Ginkgo prefers full sun and grows best in environments that are well-watered and well-drained. The species shows a preference for disturbed sites in the "semiwild" stands at Tianmu Mountains, many specimens are found along stream banks, rocky slopes, and cliff edges. Accordingly, ginkgo retains a prodigious capacity for vegetative growth. It is capable of sprouting from embedded buds near the base of the trunk (lignotubers, or basal chichi) in response to disturbances, such as soil erosion. Old individuals are also capable of producing aerial roots on the undersides of large branches in response to disturbances such as crown damage these roots can lead to successful clonal reproduction upon contacting the soil. These strategies are evidently important in the persistence of ginkgo in a survey of the "semiwild" stands remaining in Tianmushan, 40% of the specimens surveyed were multistemmed, and few saplings were present.  : 86–87
Ginkgo branches grow in length by growth of shoots with regularly spaced leaves, as seen on most trees. From the axils of these leaves, "spur shoots" (also known as short shoots) develop on second-year growth. Short shoots have very short internodes (so they may grow only one or two centimeters in several years) and their leaves are usually unlobed. They are short and knobby, and are arranged regularly on the branches except on first-year growth. Because of the short internodes, leaves appear to be clustered at the tips of short shoots, and reproductive structures are formed only on them (see pictures below – seeds and leaves are visible on short shoots). In ginkgos, as in other plants that possess them, short shoots allow the formation of new leaves in the older parts of the crown. After a number of years, a short shoot may change into a long (ordinary) shoot, or vice versa. [ citation needed ]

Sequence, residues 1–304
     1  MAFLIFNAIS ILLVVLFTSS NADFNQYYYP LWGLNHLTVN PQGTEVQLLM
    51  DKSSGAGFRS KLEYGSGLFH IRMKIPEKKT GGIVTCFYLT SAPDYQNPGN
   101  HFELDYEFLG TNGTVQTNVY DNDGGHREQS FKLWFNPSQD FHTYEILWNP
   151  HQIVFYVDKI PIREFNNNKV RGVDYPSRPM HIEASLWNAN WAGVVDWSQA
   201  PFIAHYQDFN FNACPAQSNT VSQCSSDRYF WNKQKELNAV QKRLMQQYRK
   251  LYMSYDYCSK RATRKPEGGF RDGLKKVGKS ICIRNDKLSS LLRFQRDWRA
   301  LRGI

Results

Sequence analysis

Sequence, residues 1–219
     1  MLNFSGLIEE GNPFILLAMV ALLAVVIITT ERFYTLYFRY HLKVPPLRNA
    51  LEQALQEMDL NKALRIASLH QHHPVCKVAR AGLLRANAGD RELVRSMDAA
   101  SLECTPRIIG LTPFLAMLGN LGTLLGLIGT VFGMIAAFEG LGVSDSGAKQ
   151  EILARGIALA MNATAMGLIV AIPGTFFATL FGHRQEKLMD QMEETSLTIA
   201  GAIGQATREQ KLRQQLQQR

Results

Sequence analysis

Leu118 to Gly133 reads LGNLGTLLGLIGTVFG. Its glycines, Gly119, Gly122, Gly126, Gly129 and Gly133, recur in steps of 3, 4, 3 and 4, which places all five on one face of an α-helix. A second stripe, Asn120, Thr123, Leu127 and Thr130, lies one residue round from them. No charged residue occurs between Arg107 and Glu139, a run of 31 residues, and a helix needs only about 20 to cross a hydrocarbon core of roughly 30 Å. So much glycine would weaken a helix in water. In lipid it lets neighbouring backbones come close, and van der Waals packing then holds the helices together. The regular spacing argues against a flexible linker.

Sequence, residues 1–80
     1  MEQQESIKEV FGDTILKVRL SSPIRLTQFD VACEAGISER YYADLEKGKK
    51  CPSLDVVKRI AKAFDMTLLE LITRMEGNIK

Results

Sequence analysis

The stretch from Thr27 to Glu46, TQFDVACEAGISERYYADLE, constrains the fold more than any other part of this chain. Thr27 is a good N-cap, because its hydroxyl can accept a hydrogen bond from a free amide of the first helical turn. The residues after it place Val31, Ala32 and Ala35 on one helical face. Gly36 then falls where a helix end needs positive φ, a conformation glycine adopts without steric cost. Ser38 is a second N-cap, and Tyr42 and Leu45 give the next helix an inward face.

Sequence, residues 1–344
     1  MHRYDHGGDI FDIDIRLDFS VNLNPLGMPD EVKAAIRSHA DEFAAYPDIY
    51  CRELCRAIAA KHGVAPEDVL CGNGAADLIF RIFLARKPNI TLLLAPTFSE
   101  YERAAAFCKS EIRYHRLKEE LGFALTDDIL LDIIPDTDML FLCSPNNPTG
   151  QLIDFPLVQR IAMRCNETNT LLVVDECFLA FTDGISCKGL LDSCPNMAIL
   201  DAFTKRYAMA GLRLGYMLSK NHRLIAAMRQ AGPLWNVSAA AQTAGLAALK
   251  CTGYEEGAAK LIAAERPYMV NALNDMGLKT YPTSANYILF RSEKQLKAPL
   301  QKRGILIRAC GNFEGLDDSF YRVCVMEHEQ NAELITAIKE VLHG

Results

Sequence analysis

The leaves are unique among seed plants, being fan-shaped with veins radiating out into the leaf blade, sometimes bifurcating (splitting), but never anastomosing to form a network.  Two veins enter the leaf blade at the base and fork repeatedly in two this is known as dichotomous venation. The leaves are usually 5–10 cm (2–4 in), but sometimes up to 15 cm (6 in) long. The old popular name "maidenhair tree" is because the leaves resemble some of the pinnae of the maidenhair fern, Adiantum capillus-veneris. Ginkgos are prized for their autumn foliage, which is a deep saffron yellow.
Leaves of long shoots are usually notched or lobed, but only from the outer surface, between the veins. They are borne both on the more rapidly growing branch tips, where they are alternate and spaced out, and also on the short, stubby spur shoots, where they are clustered at the tips. Leaves are green both on the top and bottom  and have stomata on both sides.